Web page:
Bank of Canada Maintains Overnight Rate Target At 1/2 Per Cent

The Bank of Canada today announced that it is maintaining its target for the overnight rate at 1/2 per cent. The Bank Rate is correspondingly 3/4 per cent and the deposit rate is 1/4 per cent.

The global economy is progressing largely as the Bank anticipated in its January Monetary Policy Report (MPR). Financial market volatility, reflecting heightened concerns about economic momentum, appears to be abating. Although downside risks remain, the Bank still expects global growth to strengthen this year and next. Recent data indicate that the U.S. expansion remains broadly on track. At the same time, the low level of oil prices will continue to dampen growth in Canada and other energy-producing countries.

Prices of oil and other commodities have rebounded in recent weeks. In this context, and in light of shifting expectations for monetary policy in Canada and the United States, the Canadian dollar has appreciated from its recent lows. With these movements, both the price of oil and the exchange rate have averaged close to levels assumed in the January MPR.

Canada’s GDP growth in the fourth quarter was not as weak as expected, but the near-term outlook for the economy remains broadly the same as in January. National employment has held up despite job losses in resource-intensive regions, and household spending continues to underpin domestic demand. Non-energy exports are gathering momentum, particularly in sectors that are sensitive to exchange rate movements. However, overall business investment remains very weak due to retrenchment in the resource sector.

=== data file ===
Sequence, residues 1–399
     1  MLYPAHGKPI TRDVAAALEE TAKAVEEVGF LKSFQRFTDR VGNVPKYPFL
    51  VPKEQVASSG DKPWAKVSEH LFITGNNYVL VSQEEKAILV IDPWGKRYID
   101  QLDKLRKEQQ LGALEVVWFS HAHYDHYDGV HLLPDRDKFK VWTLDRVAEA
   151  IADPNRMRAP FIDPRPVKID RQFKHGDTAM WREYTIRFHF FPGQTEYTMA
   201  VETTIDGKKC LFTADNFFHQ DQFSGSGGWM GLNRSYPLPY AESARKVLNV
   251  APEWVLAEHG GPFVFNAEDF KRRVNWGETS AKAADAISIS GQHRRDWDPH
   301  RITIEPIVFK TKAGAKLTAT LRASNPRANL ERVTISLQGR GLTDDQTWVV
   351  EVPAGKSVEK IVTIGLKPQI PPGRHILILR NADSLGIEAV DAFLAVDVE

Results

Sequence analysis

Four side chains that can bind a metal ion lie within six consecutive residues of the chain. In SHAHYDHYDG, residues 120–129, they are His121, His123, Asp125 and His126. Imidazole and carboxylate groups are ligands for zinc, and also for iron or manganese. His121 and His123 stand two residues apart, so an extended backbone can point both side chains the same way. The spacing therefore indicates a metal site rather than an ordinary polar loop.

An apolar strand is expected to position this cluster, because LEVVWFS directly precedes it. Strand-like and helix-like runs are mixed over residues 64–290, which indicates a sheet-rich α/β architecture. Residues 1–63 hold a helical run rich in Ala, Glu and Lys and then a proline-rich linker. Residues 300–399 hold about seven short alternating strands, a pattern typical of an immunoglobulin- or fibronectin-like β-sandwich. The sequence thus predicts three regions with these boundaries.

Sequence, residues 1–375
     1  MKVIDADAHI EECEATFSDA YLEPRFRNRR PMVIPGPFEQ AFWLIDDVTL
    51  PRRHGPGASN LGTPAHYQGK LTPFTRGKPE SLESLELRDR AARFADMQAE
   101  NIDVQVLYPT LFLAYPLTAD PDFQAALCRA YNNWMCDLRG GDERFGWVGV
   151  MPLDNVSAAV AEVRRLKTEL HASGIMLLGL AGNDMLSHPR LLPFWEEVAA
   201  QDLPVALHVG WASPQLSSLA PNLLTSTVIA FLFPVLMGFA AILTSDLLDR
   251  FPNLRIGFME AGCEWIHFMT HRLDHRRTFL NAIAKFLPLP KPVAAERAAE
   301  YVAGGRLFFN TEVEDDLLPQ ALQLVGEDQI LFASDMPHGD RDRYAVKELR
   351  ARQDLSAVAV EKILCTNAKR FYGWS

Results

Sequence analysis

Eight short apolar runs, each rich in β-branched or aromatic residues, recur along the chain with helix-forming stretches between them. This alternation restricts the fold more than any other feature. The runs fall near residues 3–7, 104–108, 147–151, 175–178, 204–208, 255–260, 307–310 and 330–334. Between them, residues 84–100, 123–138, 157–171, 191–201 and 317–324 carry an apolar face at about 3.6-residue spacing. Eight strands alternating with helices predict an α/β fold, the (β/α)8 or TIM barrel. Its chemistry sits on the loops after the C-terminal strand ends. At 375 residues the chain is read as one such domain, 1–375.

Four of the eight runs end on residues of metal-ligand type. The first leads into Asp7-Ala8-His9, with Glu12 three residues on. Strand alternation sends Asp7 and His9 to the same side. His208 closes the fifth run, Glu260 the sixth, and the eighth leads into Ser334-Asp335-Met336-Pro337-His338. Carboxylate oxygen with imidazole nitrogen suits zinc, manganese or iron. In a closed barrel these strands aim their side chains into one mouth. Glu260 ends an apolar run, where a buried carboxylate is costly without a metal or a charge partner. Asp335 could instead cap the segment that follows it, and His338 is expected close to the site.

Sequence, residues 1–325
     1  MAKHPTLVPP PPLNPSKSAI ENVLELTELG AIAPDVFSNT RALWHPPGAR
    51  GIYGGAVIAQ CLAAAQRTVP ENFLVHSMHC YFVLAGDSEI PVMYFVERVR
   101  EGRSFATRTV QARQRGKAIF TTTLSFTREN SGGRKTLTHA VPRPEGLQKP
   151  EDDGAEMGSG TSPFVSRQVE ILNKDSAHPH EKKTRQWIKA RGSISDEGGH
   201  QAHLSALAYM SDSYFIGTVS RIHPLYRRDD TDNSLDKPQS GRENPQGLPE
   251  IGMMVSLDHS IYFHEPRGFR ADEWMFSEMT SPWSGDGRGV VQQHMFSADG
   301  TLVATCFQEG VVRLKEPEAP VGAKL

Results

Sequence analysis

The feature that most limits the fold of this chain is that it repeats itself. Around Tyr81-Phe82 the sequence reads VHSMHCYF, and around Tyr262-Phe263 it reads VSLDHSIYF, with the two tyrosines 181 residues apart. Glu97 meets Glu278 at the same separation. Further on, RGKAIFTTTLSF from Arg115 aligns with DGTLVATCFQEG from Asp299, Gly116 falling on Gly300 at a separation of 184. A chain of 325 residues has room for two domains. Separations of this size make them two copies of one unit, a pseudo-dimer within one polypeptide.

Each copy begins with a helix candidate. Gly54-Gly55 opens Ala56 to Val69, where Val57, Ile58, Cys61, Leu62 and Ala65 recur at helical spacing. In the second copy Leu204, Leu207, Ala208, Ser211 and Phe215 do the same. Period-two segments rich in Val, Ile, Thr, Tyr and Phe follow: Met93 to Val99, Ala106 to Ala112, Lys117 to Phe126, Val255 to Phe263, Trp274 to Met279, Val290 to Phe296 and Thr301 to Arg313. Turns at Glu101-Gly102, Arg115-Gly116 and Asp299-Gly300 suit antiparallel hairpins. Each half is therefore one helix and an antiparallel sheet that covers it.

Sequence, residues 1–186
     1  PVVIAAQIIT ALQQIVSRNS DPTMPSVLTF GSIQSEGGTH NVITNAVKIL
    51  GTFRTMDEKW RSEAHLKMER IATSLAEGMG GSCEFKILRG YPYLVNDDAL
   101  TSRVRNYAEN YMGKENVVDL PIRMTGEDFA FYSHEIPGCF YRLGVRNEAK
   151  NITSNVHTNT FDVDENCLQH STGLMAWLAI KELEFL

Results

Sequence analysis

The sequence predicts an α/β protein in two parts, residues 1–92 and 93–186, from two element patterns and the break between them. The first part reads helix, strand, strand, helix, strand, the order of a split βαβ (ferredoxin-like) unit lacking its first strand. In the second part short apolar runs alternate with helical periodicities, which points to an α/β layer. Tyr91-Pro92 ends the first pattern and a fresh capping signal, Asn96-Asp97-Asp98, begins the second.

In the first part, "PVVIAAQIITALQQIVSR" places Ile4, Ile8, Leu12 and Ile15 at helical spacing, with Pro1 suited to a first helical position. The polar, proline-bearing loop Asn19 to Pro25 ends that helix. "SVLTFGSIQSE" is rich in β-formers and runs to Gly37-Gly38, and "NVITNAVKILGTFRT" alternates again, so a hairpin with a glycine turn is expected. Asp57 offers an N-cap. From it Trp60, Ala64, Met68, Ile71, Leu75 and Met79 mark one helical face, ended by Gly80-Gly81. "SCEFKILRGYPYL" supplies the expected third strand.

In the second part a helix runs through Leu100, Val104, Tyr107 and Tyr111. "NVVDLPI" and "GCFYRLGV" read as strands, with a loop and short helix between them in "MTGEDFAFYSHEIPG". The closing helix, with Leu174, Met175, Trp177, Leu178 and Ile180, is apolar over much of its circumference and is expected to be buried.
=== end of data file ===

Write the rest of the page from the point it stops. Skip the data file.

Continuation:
Inflation in Canada is evolving broadly as anticipated. The factors that pushed total CPI inflation up to 2 per cent will likely unwind in the months ahead. Measures of core inflation are at or just below 2 per cent, boosted by the temporary effects of past exchange rate depreciation. Material excess capacity in the Canadian economy will continue to dampen inflation.

An assessment of the impact of the upcoming federal budget’s fiscal measures will be incorporated into the Bank’s April projection. All things considered, the risks to the profile for inflation are roughly balanced. Meanwhile, financial vulnerabilities continue to edge higher, in part due to regional shifts in activity associated with the structural adjustment underway in Canada’s economy. The Bank’s Governing Council judges that the overall balance of risks remains within the zone for which the current stance of monetary policy is appropriate, and the target for the overnight rate remains at 1/2 per cent.

Information note

The next scheduled date for announcing the overnight rate target is 13 April 2016. The next full update of the Bank’s outlook for the economy and inflation, including risks to the projection, will be published in the MPR at that time.

Source: Bank of Canada.ca

OECD Sees BoC Starting To Hike Rates In May, ‘Steadily Thereafter’

The Organization for Economic Co-operation and Development believes the Bank of Canada will start raising its key interest rate next spring – about six months ahead of what most economists believe and what the central bank has been implying.

In the OECD’s twice-annual Economic Outlook, released early Tuesday, the international economic policy and research body argued that Canada’s low and economically stimulative 1.0-per-cent central bank rate “will need to be gradually withdrawn to counter inflationary pressures,” as its economy grows toward reaching its full output capacity.